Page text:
FARMINGTON — Declining performance figures at Four Corners Regional Airport have at least one Farmington city councilor worried.
While services and infrastructure at Farmington's airport continue to improve, falling departure numbers, increasing numbers of delayed or cancelled flights, and a stagnant regional economy continue to paint a bleak picture.
"I continue to look at the reports that come out of our Airport Advisory Commission," said Councilor Jason Sandel. "(Departures are) steadily declining. We've reached a 24 to 30 month low. I'm very concerned about the future of the airport. I'm concerned with Great Lakes' late arrivals and cancellations. I'm concerned about where we're headed."
Departure statistics for Great Lakes Airlines, Farmington's only commercial air service provider, from January to May are about 15 percent lower than last year's figures from the same period, said Todd Gressick, airport manager, in a phone interview Friday afternoon.
"We did lose the flights to Las Vegas and Phoenix," Gressick said. "Great Lakes' whole network is down about 14 percent. People just aren't spending as much."
For Sandel, it seems, nothing at Four Corners Regional Airport is being run as it should, citing poor service at Zebra's Sports Grill, high fuel costs, and the delays and cancelled flights.
Gressick said that he has been reaching out to a number of airlines about bringing flights to Farmington, but has received little to no interest.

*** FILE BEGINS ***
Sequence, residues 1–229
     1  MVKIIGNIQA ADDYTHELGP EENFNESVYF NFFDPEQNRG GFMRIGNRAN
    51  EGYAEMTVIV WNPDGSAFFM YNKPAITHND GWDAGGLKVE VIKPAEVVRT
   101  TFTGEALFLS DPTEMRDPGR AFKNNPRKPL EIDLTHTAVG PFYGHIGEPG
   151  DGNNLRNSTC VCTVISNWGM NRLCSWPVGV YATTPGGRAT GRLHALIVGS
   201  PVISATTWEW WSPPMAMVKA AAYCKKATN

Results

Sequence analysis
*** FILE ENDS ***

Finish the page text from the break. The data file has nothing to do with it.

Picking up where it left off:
"The main reason is that the overall income level in this area is low as opposed to Durango-Pagosa," he said.
Nevertheless, work on the airport continues to move forward, Gressick said.
"We're moving forward with the master plan," he said. "We should have a draft ready in the next two months. We're refreshing our (Great Lakes) terminal to bring the airport forward from the 1980s."
The work is far from over.
"It's a very tough market out there," Gressick said. "We aren't an Albuquerque or a Phoenix."
For Mayor Tommy Roberts, the priority lies in improving service while attempting to spur economic development around the airport.
"I think we do need to be concerned about the reliability of services," Roberts said in a phone interview Friday afternoon. "Historically, we've had a good relationship with Great Lakes. In my opinion, they've been a good partner."
Improving the airport will require collaboration with Great Lakes, said Councilman Dan Darnell.
"Instead of throwing stones, we should be asking them what can we do," he said. "The thing is, they have a commitment with us because we're the maintenance hub, but they could be gone tomorrow. What's happening in the small-plane, rural aviation (sector) across the country paints a bleak picture. Rural commuter routes are basically nonexistent. We are so fortunate that we have Great Lakes."